In 2009, India's Chandrayaan-1 satellite, NASA's Cassini spacecraft and the Deep Impact probe have each detected the presence of water by evidence of hydroxyl fragments on the Moon. As reported by Richard Kerr, "A spectrometer [the Moon Mineralogy Mapper, . "M3"] detected an infrared absorption at a wavelength of micrometers that only water or hydroxyl—a hydrogen and an oxygen bound together—could have created."  NASA also reported in 2009 that the LCROSS probe revealed an ultraviolet emission spectrum consistent with hydroxyl presence.  The Venus Express orbiter sent back Venus science data from April 2006 until December 2014. Results from Venus Express include the detection of hydroxyl in the atmosphere.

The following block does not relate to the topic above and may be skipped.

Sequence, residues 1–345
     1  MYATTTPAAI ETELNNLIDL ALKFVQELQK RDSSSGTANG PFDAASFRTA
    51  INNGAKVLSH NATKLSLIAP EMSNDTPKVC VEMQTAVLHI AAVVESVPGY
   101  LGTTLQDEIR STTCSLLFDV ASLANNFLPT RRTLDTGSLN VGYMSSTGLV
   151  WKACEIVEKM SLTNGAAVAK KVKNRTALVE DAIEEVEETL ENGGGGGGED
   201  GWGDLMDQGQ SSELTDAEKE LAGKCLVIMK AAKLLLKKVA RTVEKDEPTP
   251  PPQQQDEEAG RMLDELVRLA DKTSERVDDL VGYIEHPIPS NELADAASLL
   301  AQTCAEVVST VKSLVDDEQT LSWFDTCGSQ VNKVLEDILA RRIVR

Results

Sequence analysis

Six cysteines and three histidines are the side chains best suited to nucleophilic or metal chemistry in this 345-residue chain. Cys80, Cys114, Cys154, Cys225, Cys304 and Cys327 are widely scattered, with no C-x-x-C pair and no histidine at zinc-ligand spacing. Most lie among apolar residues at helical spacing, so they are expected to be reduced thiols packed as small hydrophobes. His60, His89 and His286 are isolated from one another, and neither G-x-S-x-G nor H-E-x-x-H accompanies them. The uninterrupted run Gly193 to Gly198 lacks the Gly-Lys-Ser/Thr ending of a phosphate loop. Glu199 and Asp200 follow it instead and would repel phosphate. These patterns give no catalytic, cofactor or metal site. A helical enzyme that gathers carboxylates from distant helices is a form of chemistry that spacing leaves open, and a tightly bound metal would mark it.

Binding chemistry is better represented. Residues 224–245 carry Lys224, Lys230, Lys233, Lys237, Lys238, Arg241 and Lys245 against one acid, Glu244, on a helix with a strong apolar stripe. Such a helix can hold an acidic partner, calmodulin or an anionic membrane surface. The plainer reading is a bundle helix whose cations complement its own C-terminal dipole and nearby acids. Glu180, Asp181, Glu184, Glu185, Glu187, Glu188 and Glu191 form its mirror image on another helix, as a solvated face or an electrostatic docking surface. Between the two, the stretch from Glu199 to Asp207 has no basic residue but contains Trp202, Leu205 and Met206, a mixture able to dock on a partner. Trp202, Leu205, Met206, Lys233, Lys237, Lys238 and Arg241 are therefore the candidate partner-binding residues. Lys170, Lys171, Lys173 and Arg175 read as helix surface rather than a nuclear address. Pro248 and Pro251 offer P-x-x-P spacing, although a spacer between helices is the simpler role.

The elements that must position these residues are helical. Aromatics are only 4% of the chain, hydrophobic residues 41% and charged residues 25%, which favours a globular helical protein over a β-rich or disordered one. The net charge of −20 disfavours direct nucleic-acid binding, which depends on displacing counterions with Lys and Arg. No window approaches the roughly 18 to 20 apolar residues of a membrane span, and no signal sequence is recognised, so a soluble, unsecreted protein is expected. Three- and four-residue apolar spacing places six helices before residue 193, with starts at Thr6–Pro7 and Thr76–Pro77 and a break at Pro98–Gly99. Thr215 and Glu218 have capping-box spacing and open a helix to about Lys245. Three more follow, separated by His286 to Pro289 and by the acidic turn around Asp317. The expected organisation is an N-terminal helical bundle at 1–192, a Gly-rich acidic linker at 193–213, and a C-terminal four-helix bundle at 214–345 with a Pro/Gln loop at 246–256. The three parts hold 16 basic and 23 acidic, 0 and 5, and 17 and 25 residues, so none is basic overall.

Animals In all species examined, prochloraz is rapidly metabolised initially by cleavage of the imidazole ring and quantitatively eliminated from the body, following oral administration. Whilst absorption following dermal exposure is low, residues in plasma and tissues are again rapidly eliminated from the body. Plants The primary plant metabolite, N-formyl-N'-1-propyl-N-(2-(2,4,6-trichlorophenoxy)ethyl)urea, is formed from cleavage of the imidazole ring. This is degraded to N-propyl-N-(2-(2,4,6-trichlorophenoxy)ethyl)urea, which occurs in both free and conjugated forms. Other metabolites include 2-(2,4,6-trichlorophenoxy)ethanol, 2-(2,4,6-trichlorophenoxy)acetic acid, traces of 2,4,6-trichlorophenol and conjugates of the above. Little unchanged prochloraz is present. Soil/Environment Degrades in the soil to a range of mainly volatile metabolites (degradation is not pH-dependent). Prochloraz is well adsorbed onto soil particles, and is not readily leached; Kd 152 (sandy loam), 256 (silty clay loam). In a further study, mean Koc 1463. Possesses low toxicity to a wide range of soil microflora and microfauna, but has inhibitory effects on soil fungi. DT50 under field conditions is 5-37 d.